All nonprofit organizations currently must present expenses by function. The ASU introduces a requirement to present expenses by nature and function, as well as an analysis of these expenses in one location by both nature and function. The intent is to provide additional information to the users of the financial statements regarding how the nonprofit uses its resources. This analysis can be presented in the face of the statement of activities, as a separate statement (not a supplemental statement) or in the notes to the financial statements.
This analysis should be supplemented with enhanced disclosures about the allocation methods used to allocate costs among the functions.
Liquidity and availability of resources:
To improve the ability of financial statement users to assess a nonprofit entity’s available financial resources and the methods by which it manages liquidity and liquidity risk, the ASU contains specific disclosures including:
Qualitative information that communicates how a nonprofit entity manages its liquid available resources to meet cash needs for general expenditures within one year of the balance sheet date.
Quantitative information that communicates the availability of a nonprofit’s financial assets to meet cash needs for general expenditures within one year of the balance sheet date. Items that should be taken into consideration in this analysis are whether the availability of a financial asset is affected by its nature, external limits imposed by grantors, donors, laws and contracts with others, and internal limits imposed by governing board decisions.
Presentation of Operating Cash Flows:
The ASU maintains the option for nonprofit organizations to present their statement of cash flows on either the direct or indirect method of reporting. If an organization chooses to use the direct method, the reconciliation of changes in net assets to cash provided by (used in) operating activities is no longer required.
Effective Date of ASU:
The amendments in ASU 2016-14 are effective for annual financial statements issued for fiscal years beginning after Dec. 15, 2017 (2018 for calendar year ends and 2019 for fiscal year ends), and for interim periods within fiscal years beginning after Dec. 15, 2018. Application to interim financial statements is permitted but not required in the initial year of application. The amendments in this ASU can be adopted early. Entities presenting comparative financial statements must apply the amendments retrospectively; however, the following optional practical expedients are available for periods presented prior to adoption. For prior periods presented organizations can opt not to include:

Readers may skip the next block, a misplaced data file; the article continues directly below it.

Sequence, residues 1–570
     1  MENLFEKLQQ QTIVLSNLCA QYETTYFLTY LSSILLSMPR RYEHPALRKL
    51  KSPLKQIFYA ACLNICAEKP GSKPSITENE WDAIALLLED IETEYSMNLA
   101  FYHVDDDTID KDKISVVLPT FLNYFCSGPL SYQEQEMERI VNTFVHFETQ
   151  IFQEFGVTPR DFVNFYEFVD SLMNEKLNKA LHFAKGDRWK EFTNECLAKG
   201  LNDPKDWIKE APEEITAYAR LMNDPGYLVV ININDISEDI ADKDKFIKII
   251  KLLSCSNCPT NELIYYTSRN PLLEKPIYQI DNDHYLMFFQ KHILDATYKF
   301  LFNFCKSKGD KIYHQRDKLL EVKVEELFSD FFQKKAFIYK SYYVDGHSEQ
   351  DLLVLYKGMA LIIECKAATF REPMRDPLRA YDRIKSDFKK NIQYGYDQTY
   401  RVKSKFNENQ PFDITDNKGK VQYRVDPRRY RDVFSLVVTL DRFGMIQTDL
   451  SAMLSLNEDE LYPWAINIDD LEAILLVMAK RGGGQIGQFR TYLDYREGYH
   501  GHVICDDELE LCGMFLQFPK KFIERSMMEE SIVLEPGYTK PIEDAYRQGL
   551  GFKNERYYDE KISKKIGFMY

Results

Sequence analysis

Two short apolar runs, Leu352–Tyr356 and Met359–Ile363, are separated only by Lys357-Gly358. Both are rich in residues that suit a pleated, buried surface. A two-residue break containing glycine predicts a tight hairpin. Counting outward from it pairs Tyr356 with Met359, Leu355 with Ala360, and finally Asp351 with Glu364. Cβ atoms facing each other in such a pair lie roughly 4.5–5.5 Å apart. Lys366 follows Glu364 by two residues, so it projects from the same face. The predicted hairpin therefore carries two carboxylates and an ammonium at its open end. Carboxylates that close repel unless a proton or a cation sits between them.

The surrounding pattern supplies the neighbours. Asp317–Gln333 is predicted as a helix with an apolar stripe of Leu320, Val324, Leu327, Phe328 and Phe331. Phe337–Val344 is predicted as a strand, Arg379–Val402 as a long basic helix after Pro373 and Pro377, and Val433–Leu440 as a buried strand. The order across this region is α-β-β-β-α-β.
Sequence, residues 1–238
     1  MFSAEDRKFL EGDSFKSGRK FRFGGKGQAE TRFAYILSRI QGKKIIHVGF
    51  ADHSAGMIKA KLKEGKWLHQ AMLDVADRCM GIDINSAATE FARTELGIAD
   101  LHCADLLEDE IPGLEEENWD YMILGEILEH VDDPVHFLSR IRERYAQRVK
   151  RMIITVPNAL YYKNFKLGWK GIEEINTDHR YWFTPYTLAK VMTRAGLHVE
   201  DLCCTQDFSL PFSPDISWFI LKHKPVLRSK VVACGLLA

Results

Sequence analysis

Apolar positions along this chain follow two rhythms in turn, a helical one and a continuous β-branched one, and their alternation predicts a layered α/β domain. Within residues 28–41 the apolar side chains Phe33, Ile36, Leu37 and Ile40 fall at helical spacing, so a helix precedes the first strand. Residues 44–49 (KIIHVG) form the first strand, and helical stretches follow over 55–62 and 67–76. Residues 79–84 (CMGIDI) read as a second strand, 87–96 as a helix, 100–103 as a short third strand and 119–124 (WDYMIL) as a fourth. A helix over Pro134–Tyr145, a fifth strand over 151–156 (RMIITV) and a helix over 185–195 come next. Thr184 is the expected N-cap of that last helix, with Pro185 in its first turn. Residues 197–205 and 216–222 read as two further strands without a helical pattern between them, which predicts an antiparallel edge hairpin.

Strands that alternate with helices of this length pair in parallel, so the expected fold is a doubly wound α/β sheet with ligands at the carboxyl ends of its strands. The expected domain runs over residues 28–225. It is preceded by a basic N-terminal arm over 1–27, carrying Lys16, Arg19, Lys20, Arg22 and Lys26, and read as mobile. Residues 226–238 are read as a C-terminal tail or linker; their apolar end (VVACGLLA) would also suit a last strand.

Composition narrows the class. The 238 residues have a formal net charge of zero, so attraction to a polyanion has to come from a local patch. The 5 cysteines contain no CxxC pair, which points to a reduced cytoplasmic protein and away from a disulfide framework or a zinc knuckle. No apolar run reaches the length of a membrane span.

- The analysis of expenses by nature and function and/or,
- Disclosures related to liquidity and availability of resources.
HCC Observation: The first reporting periods that will reflect the new standard are December 31, 2018 for calendar year-ends and mid-year 2019 for fiscal year-ends. However, retrospective application is required so management should be familiar with the new reporting requirements and should begin to accumulate necessary information during the year preceding the initial presentation requirements.
Actions to Take Now:
Read through the ASU and watch for further alerts with more details related to the implementation of this ASU.
Discuss the new ASU with your audit committee, board members and external auditors to prepare for implementation.
On the Horizon:
This ASU completes the first phase of the FASB’s project to improve the financial reporting of not-for-profit entities. The FASB determined that a second phase would consider other potential changes that are likely to require more time to resolve, including potentially reconsidering intermediate operating measures and certain other enhancements.